The concert opened with Georg Frideric Händel’s (1685-1759) Concerto Grosso in d minor opus 6, no.10. Händel’s twelve opus 6 Concerti Grossi (also referred to as Twelve Grand Concertos), composed during a few hectic weeks in the Autumn of 1739, were created to reinforce his reputation as an instrumental composer and served as orchestral interludes in operatic- and oratorio performances; they exhibit a great variety of musical thought. Olmi and the JAMD players’ playing of the d minor Concerto Grosso was alert, fresh and invigorating, buoyant and majestic, with lively interaction between instrumentalists. The third movement – Air - was slow in tempo, its first violin solo and seriousness graced with poetic chord spreads on the harpsichord (Ladar). Allegro movements were punctuated and crisp. Vivacious and Italienate, the performance made for a congenial start to the evening.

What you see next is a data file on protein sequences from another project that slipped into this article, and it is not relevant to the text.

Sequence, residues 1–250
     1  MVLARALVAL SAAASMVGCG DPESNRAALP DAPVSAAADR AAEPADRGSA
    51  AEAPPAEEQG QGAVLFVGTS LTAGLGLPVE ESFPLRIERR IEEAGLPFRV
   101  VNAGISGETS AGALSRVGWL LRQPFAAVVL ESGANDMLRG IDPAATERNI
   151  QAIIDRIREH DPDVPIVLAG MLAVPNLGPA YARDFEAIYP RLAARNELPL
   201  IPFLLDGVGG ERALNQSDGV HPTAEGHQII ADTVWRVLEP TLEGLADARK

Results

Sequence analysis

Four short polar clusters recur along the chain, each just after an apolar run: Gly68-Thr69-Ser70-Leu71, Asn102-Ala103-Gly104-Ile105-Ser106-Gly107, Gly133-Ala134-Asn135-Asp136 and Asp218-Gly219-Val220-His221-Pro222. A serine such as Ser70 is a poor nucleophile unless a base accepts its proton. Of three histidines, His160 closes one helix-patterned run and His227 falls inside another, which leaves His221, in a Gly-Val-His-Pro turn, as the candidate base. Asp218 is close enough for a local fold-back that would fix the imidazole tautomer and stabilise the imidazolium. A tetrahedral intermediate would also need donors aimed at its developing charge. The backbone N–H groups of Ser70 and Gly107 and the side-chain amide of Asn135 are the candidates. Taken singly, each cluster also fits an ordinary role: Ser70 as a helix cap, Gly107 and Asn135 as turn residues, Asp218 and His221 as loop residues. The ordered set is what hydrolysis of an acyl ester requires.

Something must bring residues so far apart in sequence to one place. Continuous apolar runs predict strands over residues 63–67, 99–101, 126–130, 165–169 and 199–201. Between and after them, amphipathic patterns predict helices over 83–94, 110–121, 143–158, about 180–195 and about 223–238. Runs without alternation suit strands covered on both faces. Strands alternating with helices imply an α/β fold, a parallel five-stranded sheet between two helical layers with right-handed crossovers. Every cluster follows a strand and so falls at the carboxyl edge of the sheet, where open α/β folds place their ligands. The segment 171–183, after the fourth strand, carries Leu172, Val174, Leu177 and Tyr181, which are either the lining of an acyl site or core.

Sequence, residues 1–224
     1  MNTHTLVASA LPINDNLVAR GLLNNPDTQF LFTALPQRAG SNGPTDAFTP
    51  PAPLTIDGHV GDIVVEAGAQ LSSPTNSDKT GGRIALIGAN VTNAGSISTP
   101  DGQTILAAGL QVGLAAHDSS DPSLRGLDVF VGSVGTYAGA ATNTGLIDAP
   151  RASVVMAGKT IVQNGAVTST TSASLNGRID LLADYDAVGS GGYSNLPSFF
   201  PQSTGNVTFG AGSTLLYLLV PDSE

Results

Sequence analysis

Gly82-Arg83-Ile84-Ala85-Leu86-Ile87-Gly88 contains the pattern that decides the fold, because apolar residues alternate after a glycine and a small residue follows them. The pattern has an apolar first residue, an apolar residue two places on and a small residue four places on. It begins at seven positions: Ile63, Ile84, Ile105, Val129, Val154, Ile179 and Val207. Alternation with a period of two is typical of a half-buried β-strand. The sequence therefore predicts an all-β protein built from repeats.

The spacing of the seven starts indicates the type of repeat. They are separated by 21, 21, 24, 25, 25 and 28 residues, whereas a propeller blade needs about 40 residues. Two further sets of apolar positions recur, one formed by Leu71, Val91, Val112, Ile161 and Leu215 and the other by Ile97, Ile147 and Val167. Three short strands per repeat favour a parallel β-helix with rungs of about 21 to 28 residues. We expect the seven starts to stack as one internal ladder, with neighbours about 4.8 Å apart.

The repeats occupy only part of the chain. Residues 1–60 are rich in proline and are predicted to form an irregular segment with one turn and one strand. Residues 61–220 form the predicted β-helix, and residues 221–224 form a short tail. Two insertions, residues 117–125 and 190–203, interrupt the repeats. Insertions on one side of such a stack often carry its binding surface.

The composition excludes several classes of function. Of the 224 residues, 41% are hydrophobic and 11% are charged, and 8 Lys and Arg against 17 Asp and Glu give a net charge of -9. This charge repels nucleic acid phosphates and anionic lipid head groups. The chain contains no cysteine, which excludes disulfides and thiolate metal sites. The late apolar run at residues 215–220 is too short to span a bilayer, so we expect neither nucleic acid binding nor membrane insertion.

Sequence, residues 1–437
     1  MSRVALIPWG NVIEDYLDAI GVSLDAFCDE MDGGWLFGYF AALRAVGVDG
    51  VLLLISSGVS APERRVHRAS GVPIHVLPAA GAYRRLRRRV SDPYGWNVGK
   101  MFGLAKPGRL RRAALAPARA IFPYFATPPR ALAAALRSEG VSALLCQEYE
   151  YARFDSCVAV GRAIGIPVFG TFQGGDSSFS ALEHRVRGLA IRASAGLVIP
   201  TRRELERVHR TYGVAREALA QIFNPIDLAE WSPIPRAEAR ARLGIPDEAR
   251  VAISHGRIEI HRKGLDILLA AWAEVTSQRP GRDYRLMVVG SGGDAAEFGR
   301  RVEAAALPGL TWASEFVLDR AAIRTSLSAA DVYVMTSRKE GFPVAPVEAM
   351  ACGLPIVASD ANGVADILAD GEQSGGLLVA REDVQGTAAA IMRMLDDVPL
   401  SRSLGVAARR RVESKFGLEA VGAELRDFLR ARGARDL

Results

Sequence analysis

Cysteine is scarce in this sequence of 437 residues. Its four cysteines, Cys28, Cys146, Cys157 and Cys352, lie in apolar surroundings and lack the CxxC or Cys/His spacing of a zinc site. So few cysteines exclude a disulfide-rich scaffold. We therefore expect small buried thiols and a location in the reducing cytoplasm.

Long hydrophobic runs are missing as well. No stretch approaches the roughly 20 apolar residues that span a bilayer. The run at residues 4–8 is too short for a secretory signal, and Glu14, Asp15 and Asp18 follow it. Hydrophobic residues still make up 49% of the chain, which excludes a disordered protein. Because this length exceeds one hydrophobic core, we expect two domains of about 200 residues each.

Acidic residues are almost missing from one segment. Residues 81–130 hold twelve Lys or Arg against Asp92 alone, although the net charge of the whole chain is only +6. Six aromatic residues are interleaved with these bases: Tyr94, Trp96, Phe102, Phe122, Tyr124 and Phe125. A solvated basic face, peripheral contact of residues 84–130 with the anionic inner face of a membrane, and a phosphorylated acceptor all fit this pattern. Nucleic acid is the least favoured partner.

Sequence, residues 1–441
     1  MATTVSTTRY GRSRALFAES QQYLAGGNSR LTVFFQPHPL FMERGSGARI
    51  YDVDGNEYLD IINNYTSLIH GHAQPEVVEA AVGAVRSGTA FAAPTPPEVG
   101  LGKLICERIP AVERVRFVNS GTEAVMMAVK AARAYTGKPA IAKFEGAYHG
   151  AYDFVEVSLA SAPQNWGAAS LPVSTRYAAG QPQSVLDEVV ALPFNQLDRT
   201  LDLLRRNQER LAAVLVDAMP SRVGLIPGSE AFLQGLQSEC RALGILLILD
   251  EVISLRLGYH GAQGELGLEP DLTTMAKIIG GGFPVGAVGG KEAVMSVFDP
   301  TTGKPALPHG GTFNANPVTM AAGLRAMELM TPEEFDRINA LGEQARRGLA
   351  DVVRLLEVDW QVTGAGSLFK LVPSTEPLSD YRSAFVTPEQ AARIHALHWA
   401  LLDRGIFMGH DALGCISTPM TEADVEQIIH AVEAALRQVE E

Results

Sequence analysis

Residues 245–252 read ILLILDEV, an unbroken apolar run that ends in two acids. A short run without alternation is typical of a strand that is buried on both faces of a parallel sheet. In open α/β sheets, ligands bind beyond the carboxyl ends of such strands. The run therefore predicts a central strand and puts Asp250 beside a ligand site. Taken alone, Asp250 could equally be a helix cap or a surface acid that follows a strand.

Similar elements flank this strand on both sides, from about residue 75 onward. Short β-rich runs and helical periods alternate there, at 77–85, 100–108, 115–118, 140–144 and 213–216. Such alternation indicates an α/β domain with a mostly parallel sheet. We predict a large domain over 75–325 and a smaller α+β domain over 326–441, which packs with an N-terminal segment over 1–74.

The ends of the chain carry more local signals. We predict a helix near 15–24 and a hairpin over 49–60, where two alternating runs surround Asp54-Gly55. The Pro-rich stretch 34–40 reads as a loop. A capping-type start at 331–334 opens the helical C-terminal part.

We then heard soprano Mariangela Sicilia in Desdemona’s aria “Ave Maria” from Act IV of Giuseppe Verdi’s (1813-1901) opera “Otello” (libretto: Arrigo Boïto). In the aria, the pivotal moment of this last act, Desdemona prays for all the people who suffer as she does. Her prayers, however, do not stop the jealous Otello from later murdering her in her bed. Taking her cue from the mysterious opening notes, Sicilia’s singing of the aria was magical in its fresh, velvety textures, dynamic changes and dramatic flair. Hers is a reedy voice of all colors. Cicilia’s superbly controlled pianissimo moments were as stirring as those in the aria’s engaging high points.